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Part of European Paintings
Jan Steen (Dutch, Leiden 1626–1679 Leiden)
Date: ca. 1670Accession Number: 58.89
Bartholomeus Breenbergh (Dutch, Deventer 1598–1657 Amsterdam)
Date: 1634Accession Number: 1991.305
Adriaen Brouwer (Flemish, Oudenaarde 1605/6–1638 Antwerp)
Date: ca. 1636Accession Number: 32.100.21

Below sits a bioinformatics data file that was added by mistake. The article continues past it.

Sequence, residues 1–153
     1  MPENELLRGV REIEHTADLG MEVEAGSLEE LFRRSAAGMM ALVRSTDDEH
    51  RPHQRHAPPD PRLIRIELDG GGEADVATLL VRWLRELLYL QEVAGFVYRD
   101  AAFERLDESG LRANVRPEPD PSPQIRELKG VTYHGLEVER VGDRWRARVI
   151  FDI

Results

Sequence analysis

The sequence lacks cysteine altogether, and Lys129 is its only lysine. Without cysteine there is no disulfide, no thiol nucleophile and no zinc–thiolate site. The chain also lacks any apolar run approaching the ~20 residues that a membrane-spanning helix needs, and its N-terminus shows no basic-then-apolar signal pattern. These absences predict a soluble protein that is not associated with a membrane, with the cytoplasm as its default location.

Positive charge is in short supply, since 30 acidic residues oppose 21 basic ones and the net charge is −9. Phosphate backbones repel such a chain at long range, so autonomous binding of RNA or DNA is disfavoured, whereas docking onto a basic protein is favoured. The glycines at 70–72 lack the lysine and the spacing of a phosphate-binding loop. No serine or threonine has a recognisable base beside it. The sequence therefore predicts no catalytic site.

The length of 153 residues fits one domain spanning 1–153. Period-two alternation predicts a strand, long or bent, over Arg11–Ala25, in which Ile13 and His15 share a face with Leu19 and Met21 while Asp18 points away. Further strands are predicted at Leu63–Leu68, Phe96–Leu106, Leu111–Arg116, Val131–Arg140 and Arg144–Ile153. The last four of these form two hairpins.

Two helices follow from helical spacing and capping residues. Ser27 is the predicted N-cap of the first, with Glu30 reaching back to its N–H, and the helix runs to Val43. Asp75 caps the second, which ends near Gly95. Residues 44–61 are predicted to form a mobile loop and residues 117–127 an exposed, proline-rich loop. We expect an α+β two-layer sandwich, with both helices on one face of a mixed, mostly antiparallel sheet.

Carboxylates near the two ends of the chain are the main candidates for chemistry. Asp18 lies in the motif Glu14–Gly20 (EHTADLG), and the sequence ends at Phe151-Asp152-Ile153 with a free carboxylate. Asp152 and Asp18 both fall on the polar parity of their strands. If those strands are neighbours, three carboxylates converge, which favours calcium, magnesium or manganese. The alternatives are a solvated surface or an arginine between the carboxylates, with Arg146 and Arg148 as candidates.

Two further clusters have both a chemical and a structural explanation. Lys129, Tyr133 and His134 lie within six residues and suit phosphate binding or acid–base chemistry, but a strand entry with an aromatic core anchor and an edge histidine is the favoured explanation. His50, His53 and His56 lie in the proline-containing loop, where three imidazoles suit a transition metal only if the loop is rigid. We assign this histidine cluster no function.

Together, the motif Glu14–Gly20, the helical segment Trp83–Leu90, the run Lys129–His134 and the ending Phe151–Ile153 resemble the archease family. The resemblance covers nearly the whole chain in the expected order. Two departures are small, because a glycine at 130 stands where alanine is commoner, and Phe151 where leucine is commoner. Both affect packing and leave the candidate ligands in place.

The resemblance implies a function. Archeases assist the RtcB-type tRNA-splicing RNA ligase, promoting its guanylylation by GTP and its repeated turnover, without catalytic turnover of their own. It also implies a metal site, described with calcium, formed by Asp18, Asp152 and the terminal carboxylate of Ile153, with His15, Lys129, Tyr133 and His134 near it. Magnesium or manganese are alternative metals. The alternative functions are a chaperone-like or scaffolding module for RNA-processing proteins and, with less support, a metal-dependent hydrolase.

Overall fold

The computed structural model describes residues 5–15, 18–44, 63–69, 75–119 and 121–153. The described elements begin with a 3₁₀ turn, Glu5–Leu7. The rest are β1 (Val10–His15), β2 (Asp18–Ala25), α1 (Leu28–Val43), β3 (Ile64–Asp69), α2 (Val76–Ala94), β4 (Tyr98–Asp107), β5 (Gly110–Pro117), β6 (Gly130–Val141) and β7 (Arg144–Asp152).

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In the eighteenth century, the French term genre covered all types of painting that did not conform to the elevated themes of history, religion, and mythology. Eventually, it came to be applied solely to pictures of "everyday life." Far from being casual depictions of urban or domestic activities, Dutch genre paintings frequently commented on human nature or societal norms, sometimes drawing on sources from the previous century, such as works by Pieter Bruegel the Elder and his contemporaries. After about 1650, collectors in the newly independent, peaceful, and prosperous Dutch Republic favored scenes of middle- and upper-class society. Fashionably dressed women in fine interiors are courted by (mostly) well-mannered men or are discovered alone—as in many paintings by Gerard ter Borch and Johannes Vermeer. Even the rowdier themes of earlier decades take on a more polished veneer.
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